Now that vacation is only two short weeks away and my reading pile is growing by the day, I couldn’t ask for a more fitting Top Ten Tuesday prompt: Beach Reads {how we approach the topic is left to us to decide}. I decided to take a cue from last year’s edition and pair stylish swimsuits with some of the contemporary novels on my TBR list, all of which have or will hit shelves this year. What books do you want to read this summer?

Before we begin, a reminder that Top Ten Tuesday is hosted by the lovely bloggers at The Broke and the Bookish. Take a peek to find other books for your beach bag – and to link up a list of your own!

The Way Back to YouRoad trips stories are the epitome of the teenage summer, capturing all at once blossoming friendships, a sense of adventure, and the spontaneity of the season. They typically make for a fun read, and better yet, I have yet to find one I haven’t liked! The newest addition to the genre is The Way Back to You, a collaboration between authors Michelle Andreani and Mindi Scott, and from its synopsis alone, I know it’ll find its way to me this summer. {swimsuit}

Summer of SloaneIf the sun-soaked cover of Erin L. Schneider’s debut doesn’t have you longing to be on the beaches of Hawaii, I don’t know what will. The novel, Summer of Sloane, has all the ingredients for the perfect beach read: a cute summer fling, a warm setting along the water, and storylines on friends and family.  To put it simply? In the beach bag it goes – right alongside the sunscreen, swimsuit, and towel! {swimsuit}

Summer in the Invisible CityI haven’t read Juliana Romano’s debut, nor have I been lucky enough to read her sophomore novel, Summer in the Invisible City, but from what I can tell, both books are right up my alley: coming-of-age stories with powerful emotional punches. It’s not the lighter style I typically save for the summertime, but nevertheless, its promise – a novel “whose characters will stay with you long into the fall” – is more than enough justification to bring it to the beach. {swimsuit}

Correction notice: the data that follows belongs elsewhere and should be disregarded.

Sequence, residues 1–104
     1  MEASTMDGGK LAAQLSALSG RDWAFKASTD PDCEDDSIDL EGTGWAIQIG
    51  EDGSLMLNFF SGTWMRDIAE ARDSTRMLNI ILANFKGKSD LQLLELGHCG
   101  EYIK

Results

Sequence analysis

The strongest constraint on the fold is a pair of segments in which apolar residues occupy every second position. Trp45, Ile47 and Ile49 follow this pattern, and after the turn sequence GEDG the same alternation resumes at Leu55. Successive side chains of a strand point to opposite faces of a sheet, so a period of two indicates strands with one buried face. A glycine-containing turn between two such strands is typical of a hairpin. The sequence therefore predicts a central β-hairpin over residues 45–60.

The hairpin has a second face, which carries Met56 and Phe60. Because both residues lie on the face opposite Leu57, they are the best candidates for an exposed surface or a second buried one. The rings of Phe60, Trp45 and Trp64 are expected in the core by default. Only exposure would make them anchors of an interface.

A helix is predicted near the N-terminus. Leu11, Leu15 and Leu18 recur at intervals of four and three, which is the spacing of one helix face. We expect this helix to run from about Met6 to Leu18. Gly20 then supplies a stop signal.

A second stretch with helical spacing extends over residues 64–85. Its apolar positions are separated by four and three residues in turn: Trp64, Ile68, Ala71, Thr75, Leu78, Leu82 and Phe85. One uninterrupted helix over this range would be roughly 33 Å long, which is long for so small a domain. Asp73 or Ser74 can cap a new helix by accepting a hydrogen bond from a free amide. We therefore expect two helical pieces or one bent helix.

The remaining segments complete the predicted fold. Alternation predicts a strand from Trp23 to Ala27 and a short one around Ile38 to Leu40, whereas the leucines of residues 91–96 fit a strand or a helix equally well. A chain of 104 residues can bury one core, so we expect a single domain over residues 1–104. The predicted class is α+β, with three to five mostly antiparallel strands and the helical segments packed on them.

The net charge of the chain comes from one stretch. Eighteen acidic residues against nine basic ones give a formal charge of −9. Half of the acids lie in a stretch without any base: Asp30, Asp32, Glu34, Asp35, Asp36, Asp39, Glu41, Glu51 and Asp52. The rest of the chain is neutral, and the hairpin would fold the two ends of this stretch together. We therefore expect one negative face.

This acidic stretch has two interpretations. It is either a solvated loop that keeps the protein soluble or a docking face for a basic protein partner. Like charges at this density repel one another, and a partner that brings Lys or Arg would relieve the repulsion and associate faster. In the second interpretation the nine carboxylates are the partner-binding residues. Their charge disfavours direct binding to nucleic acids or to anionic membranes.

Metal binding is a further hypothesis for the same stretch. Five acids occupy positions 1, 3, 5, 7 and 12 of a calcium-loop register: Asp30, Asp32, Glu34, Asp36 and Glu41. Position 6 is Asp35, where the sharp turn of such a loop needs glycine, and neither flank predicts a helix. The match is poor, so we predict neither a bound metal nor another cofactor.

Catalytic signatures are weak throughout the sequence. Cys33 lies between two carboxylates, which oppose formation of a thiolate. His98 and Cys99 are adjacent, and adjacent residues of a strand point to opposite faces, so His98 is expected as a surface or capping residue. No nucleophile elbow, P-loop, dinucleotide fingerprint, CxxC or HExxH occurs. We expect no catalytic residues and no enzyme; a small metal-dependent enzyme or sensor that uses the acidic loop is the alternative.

Stars So Sweet Tara Dairman, author of the adorable All Four Stars series, has yet to disappoint, and I expect no different of a case when I grab hold of the third Gladys Gatsby installment, Stars So Sweet. As the series comes to close, Gladys is faced with a dilemma: can she meet with her editor and still keep her budding critic career a secret? This one isn’t set during the summer months, but even still, I’ll happily enjoy the cutie’s final adventure in July! {swimsuit}

Something NewLucy Knisley’s graphic memoir is the only nonfiction book of the bunch, but it sounds like a worthy summer read if I ever saw one! Knisley is known for her stunning travelogues, but Something New tackles a different story: her wedding preparations. If her past books are any indiction, these “tales from a makeshift bride” are sure to include hilarious anecdotes and colorful illustrations. I’ll need to grab it from the library soon! {swimsuit}

P.S. I Like YouThough I have put them on my TBR list posts time and time again, I have yet to pick up one of Kasie West’s adorable contemporary novels. It’s a mistake I’m determined to fix this summer, if only because I’m oh-so excited for the release of P.S. I Like You. West’s newest release follows the back-and-forth messages left between main character Lily and a secret pen-pal. It’s just the story I’ll want after wrapping up my AP Lit work for the summer. {swimsuit}

Lucky FewAn excellent premise or not, Kathryn Ormsbee’s Lucky Few would be added to my summer TBR pile based on its wonderfully illustrated cover alone! Fortunately, it sounds like a story both funny and sweet, a combination I’ll take any day of my vacation, as characters Stevie, Max, and Sanger attempt to check off all twenty-three items on their “Ways to Fake Death Without Dying” checklist. Perhaps I’ll order it as an end-of-the-year treat! {swimsuit}

Love and GelatoThe title of Jenna Evans Welch’s debut, Love and Gelato, has me dreaming of a trip to Italy, wandering the country’s streets with a cup of ice cream in hand. My wanderlust aside, I can’t ask for a better-looking read for any August afternoon. A brief summary: Lina travels to Italy on her mother’s wishes and ends up uncovering a mystery with her new friend – and possible crush – Ren. Yes please. {swimsuit}